Surrogacy Simplified

As more and more couples put off having children until they feel settled in their careers, artificial reproductive technologies (ART) are becoming increasingly common. Artificial insemination and in-vitro fertilization (IVF) increase the chances of multiple births. But even with all the technology, there are still some couples who can’t conceive. In these cases, a surrogate may be the best alternative. In this guest post, Hanna Griesbach explains the details.

Surrogacy is the means by which a woman carries a pregnancy and delivers a baby for another person. A surrogate mother can be the genetic mother or the gestational surrogate.

The first acknowledged case of surrogacy was documented in 1976. Over the course of time, surrogacy has dramatically increased in popularity. Statistics show that between 1987 and 1992, there have been an estimated 5,000 surrogate births recorded in the U.S.

While surrogacy remains controversial in some circles, especially among religious, including the Roman Catholic Church and feminist groups, others firmly believe in the process as a means by which a family unit can be created and the issue of infertility be eliminated.

Traditional Surrogate

The genetic mother of a surrogate child is one whose egg has been used in the fertilization process. When this means of fertilization is used, it is known as traditional surrogacy.

The fertilization process is done via artificial insemination using fresh or frozen sperm. The sperm used in a traditional surrogacy pregnancy can be that of the intended father or it can be donor sperm.

Gestational Surrogate

A gestational surrogate is not genetically related to the child she is carrying. The pregnancy is created by implantation of an embryo, which was created through lab processing of the prospective parent’s egg and sperm.

Harvesting eggs from the biological mother and fertilizing them with sperm from the biological father begins the fertilization process. Once fertilized, the embryo is placed in the uterus of the gestational surrogate or birth mother, who carries the baby to term and delivery.

Why Use a Surrogate?

Surrogacy allows people who would otherwise not be able to parent a child to become a mother a father of a newborn. There are a variety of reasons to choose using a surrogate:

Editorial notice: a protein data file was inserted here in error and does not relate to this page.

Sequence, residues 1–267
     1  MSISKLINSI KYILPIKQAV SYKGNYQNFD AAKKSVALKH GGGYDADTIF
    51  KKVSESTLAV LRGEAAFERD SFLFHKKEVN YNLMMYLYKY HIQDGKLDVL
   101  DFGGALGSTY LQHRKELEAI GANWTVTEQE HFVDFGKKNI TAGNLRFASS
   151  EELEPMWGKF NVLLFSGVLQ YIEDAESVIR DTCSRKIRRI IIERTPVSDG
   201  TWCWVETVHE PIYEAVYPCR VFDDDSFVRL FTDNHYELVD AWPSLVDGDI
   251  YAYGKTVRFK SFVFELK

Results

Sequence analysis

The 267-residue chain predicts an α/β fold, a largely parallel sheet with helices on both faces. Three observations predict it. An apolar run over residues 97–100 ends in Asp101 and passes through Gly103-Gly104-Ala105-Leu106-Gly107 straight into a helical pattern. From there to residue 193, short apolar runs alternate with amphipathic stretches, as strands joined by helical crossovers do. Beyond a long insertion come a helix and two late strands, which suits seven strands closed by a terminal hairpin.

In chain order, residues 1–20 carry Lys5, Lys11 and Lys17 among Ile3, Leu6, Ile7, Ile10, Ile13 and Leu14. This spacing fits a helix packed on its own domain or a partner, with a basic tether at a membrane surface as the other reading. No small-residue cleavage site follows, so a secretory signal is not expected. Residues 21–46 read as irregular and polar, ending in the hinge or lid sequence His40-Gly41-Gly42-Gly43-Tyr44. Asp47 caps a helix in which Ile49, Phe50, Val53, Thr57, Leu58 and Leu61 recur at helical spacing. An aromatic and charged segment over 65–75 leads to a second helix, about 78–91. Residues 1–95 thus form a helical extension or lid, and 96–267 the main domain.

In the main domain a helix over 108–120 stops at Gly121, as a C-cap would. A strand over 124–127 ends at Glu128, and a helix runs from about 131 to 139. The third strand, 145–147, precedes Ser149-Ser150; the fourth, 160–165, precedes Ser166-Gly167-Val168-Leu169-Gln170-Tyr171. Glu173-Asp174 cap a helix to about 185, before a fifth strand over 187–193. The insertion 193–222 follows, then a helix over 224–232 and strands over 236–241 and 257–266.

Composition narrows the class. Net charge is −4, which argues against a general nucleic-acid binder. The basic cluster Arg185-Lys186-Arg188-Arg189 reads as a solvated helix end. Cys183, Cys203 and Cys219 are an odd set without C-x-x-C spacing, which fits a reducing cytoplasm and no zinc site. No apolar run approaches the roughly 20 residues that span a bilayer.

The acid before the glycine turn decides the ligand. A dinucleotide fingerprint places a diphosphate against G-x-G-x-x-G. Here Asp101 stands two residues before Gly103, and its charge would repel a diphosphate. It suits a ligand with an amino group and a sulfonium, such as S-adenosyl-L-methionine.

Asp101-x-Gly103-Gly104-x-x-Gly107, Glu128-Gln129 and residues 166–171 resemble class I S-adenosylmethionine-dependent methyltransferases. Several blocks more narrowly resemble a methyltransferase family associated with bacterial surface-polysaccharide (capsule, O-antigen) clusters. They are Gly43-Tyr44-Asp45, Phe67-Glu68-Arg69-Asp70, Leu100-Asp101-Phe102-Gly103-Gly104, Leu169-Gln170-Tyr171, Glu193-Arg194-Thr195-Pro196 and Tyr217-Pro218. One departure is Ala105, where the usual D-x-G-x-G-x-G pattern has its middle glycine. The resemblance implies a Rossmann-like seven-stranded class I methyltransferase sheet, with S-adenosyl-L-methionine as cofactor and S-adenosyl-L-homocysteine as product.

·      A uterine condition that prevents carrying a pregnancy to term

·      A previous hysterectomy

·      A serious medical condition, such as heart disease, that makes carrying a pregnancy too risky

·      Advancing age

·      Marital status

·      Sexual orientation

·      Previous unsuccessful attempts to get pregnant via assisted-reproductive techniques like in vitro fertilization (IVF)

Surrogacy Requirements

In order to become a surrogate, there are several basic requirements. The government does not mandate the requirements listed below. These basic criteria do constitute important and basic issues for the potential parents to consider. Parents should choose a surrogate who:

·      Is at least 21 years old

·      Has previously given birth to at least one healthy newborn

·      Understands the medical and emotional risks of childbirth

·      Has undergone professional mental health screening to be sure they are prepared to surrender the baby at birth

·      Willingly agrees to sign a contract delineating their responsibilities during the pregnancy and at birth

·      Has been tested for infectious diseases like sexually transmitted diseases (STDs) and hepatitis

·      Has had immunity screening for measles (Rubeola), chickenpox (Varicella) and German measles (Rubella)

The Expense Account

Deciding to use a surrogate is not an inexpensive commitment. The cost of engaging a surrogate ranges from $80,000-$120,000, depending upon the specifics of each agreement. Many factors influence the cost, especially whether or not the surrogate has her own health insurance coverage or not.

Enlisting the advice and guidance of a lawyer specialized in reproductive rights to prepare a legal agreement between the potential parents and the surrogate is the best protection for both parties.

The Choice is Personal

The decision about whether to use a surrogate or to become a surrogate is a very private and individual choice. It is based upon personal life situations and circumstances.

For some, surrogacy can make dreams come true. For those who choose this means to achieve pregnancy, surrogacy creates families.

Freelance writer Hanna Griesbach is a busy mom who loves to scrapbook. She enjoys hunting the web for great deal and freebie. One of her favorite resources is Free Gifts 4 Kidz.

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